Naloxone for opiate-exposed newborn infants

RHL summary

13 January 2014
Newborn baby in his mother's arms
WHO/Jim Holmes

Findings of the review: This review sought to evaluate the benefits and risks of using naloxone to treat opiate-exposed newborn infants with cardio-respiratory or neurological depression. The primary outcomes of this review were admission to neonatal intensive or special care unit and failure to establish breast-feeding. Unfortunately, none of the nine included trials with 316 infants addressed these primary outcomes. Expired carbon dioxide output and alveolar ventilation rate were statistically significantly higher and carbon dioxide tension was statistically significantly lower in the naloxone group at 30 minutes and four hours post treatment. However, there was significant heterogeneity in the meta-analyses.

Implementation: Given the lack of evidence, naloxone use should be limited to randomized controlled trials evaluating the benefits and risks of naloxone in opiate-exposed newborn infants who have cardio-respiratory or neurological depression.


Cochrane review

Citation: East CE, Smyth RMD, Leader LR, Henshall NE, Colditz PB, Lau R, Tan KH. Vibroacoustic stimulation for fetal assessment in labour in the presence of a nonreassuring fetal heart rate trace.Moe-Byrne T, Brown JVE, McGuire W. Naloxone for opiate-exposed newborn infants. Cochrane Database of Systematic Reviews 2013, Issue 2. Art. No.: CD003483. DOI: 10.1002/14651858.C D003483.pub2.

Abstract

Background

Naloxone, a specific opiate antagonist, is available for the treatment of newborn infants with cardiorespiratory or neurological depression that may be due to intrauterine exposure to opiate. It is unclear whether newborn infants may benefit from this therapy and whether naloxone has any harmful effects.

Objectives

To determine the effect of naloxone as a treatment for newborn infants who have been exposed in utero to opiate.

Search methods

We searched the following databases in June 2012 for new studies published since the previous search in 2007: The Cochrane Central Register of Controlled Trials (The Cochrane Library 2012, Issue 6), MEDLINE (OvidSP), MEDLINE In process & Other Non-Indexed Citations (OvidSP), EMBASE (OvidSP), CINAHL (EBSCO), Maternity and Infant Care (OvidSP) and PubMed. We searched for ongoing and completed trials in Clinical Trials.gov, metaRegister of Controlled Trials, WHO International Clinical Trials Registry Platform and the EU Clinical Trials Register. We checked the reference lists of relevant articles to identify further potentially relevant studies.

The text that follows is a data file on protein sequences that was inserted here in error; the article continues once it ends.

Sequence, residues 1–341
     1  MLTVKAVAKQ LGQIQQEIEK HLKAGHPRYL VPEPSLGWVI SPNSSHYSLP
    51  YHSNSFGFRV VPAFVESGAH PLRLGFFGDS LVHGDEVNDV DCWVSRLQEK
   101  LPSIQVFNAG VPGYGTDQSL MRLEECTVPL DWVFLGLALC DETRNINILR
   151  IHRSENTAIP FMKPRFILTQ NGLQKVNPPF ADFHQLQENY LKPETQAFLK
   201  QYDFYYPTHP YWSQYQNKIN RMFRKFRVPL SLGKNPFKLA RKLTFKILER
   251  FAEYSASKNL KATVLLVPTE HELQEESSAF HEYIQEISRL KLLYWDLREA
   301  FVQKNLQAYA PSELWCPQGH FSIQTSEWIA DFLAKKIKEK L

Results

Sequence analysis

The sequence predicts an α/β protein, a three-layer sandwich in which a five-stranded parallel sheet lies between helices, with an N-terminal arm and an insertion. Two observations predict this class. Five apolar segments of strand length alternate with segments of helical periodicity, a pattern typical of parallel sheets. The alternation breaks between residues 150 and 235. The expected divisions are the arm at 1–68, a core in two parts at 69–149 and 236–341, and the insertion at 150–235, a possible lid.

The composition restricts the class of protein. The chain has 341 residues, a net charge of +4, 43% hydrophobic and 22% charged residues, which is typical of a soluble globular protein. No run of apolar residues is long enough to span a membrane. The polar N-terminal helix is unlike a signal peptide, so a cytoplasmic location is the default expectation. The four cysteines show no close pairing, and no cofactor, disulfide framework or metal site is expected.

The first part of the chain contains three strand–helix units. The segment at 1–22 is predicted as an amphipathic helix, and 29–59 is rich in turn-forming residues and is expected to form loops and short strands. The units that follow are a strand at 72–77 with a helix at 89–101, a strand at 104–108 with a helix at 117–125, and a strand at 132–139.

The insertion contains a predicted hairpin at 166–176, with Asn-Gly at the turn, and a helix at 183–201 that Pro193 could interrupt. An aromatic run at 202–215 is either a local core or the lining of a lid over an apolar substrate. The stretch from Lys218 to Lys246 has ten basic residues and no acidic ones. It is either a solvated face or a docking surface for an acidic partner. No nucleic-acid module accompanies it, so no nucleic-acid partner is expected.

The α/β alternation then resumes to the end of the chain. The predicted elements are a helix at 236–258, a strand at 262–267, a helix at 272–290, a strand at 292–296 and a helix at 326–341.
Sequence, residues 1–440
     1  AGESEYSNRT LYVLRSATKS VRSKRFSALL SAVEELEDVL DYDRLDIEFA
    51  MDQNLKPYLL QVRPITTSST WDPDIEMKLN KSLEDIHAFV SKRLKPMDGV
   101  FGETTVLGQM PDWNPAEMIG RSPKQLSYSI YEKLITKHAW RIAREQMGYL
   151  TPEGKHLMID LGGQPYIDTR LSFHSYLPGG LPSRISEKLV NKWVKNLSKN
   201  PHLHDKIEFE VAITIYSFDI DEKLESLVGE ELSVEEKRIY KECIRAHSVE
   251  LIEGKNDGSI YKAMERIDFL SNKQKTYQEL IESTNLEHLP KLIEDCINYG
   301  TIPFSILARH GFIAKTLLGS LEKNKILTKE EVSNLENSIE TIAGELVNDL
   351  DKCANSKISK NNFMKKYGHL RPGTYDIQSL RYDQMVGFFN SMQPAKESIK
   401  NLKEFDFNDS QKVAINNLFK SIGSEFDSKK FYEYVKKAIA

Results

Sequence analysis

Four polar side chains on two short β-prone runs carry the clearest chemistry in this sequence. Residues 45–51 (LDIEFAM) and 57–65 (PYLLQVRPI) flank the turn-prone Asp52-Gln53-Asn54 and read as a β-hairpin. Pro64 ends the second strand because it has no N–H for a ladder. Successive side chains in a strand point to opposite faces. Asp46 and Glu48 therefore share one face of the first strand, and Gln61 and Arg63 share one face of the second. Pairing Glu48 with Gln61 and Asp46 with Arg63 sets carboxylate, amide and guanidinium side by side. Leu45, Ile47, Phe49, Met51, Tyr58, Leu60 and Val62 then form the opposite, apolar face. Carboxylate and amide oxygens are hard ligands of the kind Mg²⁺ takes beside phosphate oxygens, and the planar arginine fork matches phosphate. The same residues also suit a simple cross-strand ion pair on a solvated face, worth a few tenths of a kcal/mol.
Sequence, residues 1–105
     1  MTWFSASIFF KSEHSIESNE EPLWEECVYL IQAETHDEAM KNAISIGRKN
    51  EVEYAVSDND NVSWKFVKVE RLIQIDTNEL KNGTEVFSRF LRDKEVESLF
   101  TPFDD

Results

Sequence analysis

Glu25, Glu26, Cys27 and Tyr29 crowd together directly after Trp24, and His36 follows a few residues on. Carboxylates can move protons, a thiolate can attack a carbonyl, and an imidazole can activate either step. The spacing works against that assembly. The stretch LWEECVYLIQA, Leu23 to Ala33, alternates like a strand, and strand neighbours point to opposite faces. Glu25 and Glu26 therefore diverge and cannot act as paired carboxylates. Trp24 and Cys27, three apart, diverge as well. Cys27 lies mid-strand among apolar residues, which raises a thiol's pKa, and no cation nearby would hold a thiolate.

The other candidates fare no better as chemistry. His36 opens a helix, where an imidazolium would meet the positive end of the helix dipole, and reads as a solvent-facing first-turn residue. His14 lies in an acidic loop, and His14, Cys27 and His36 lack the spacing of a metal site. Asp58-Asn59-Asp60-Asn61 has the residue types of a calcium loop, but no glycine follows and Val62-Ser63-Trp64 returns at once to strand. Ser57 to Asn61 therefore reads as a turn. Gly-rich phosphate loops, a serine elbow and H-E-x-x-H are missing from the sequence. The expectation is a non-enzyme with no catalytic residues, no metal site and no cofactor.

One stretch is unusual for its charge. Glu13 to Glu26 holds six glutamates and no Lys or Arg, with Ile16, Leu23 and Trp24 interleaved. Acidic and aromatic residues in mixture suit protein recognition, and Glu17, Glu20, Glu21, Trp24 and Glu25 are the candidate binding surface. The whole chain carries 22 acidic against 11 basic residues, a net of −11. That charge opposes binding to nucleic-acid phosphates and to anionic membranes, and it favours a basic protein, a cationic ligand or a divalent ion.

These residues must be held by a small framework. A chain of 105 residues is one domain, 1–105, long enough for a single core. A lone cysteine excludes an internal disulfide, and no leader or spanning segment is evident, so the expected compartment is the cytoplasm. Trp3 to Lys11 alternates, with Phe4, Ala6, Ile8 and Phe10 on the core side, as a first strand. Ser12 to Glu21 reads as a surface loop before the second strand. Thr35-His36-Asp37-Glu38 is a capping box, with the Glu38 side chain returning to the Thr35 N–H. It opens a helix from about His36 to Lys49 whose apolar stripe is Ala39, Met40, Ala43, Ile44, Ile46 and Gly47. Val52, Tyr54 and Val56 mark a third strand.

Selection criteria

Randomised controlled trials comparing the administration of naloxone versus placebo, or no drug, or another dose of naloxone to newborn infants with suspected or confirmed in utero exposure to opiate.

Data collection and analysis

We extracted data using the standard methods of the Cochrane Neonatal Review Group with separate evaluation of trial quality and data extraction by two review authors and synthesis of data using risk ratio, risk difference and weighted mean difference.

Main results

We included nine trials that compared the effects of naloxone versus placebo or no drug in newborn infants exposed to maternal opiate analgesia prior to delivery. None of these trials specifically recruited infants with cardiorespiratory or neurological depression. The main outcomes reported were measures of respiratory function in the first six hours of life. There is some evidence that naloxone increases alveolar ventilation. The trials did not assess the effect on the primary outcomes of this review (admission to a neonatal unit and failure to establish breastfeeding).

Authors' conclusions

The existing evidence from randomised controlled trials is insufficient to determine whether naloxone confers any important benefits to newborn infants with cardiorespiratory or neurological depression that may be due to intrauterine exposure to opiate. Given concerns about the safety of naloxone in this context it may be appropriate to limit its use to randomised controlled trials that aim resolve these uncertainties.

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